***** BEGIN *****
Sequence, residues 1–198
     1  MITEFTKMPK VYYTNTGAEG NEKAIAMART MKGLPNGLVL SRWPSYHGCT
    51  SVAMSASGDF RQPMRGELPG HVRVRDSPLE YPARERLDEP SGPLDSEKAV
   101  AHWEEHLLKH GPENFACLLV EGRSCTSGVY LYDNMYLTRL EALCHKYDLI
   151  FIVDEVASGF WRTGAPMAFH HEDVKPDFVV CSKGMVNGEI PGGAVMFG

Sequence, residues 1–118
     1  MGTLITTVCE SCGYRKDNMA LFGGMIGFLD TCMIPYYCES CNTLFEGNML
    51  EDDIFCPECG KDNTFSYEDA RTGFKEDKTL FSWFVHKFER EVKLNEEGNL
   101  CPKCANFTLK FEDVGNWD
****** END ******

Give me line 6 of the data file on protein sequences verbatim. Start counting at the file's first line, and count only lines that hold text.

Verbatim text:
Sequence, residues 1–118